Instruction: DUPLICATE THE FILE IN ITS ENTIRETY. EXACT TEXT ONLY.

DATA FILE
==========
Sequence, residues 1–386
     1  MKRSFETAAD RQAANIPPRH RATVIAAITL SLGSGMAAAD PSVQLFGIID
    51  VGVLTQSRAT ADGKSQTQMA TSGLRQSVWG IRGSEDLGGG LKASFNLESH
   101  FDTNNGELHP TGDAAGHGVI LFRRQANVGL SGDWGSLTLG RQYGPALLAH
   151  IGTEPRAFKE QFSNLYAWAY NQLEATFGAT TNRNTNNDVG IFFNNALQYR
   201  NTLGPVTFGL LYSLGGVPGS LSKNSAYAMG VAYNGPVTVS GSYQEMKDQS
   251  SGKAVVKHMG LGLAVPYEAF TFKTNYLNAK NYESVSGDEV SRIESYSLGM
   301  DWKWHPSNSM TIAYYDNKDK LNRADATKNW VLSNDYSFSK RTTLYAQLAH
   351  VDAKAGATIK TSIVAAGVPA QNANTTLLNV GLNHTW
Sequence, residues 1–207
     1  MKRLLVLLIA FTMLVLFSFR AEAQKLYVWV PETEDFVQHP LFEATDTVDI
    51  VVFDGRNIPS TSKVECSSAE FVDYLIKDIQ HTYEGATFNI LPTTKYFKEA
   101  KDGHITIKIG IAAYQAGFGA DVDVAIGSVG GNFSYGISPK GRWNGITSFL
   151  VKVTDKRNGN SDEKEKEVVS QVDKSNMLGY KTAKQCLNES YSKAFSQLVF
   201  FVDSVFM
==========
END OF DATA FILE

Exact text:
Sequence, residues 1–386
     1  MKRSFETAAD RQAANIPPRH RATVIAAITL SLGSGMAAAD PSVQLFGIID
    51  VGVLTQSRAT ADGKSQTQMA TSGLRQSVWG IRGSEDLGGG LKASFNLESH
   101  FDTNNGELHP TGDAAGHGVI LFRRQANVGL SGDWGSLTLG RQYGPALLAH
   151  IGTEPRAFKE QFSNLYAWAY NQLEATFGAT TNRNTNNDVG IFFNNALQYR
   201  NTLGPVTFGL LYSLGGVPGS LSKNSAYAMG VAYNGPVTVS GSYQEMKDQS
   251  SGKAVVKHMG LGLAVPYEAF TFKTNYLNAK NYESVSGDEV SRIESYSLGM
   301  DWKWHPSNSM TIAYYDNKDK LNRADATKNW VLSNDYSFSK RTTLYAQLAH
   351  VDAKAGATIK TSIVAAGVPA QNANTTLLNV GLNHTW
Sequence, residues 1–207
     1  MKRLLVLLIA FTMLVLFSFR AEAQKLYVWV PETEDFVQHP LFEATDTVDI
    51  VVFDGRNIPS TSKVECSSAE FVDYLIKDIQ HTYEGATFNI LPTTKYFKEA
   101  KDGHITIKIG IAAYQAGFGA DVDVAIGSVG GNFSYGISPK GRWNGITSFL
   151  VKVTDKRNGN SDEKEKEVVS QVDKSNMLGY KTAKQCLNES YSKAFSQLVF
   201  FVDSVFM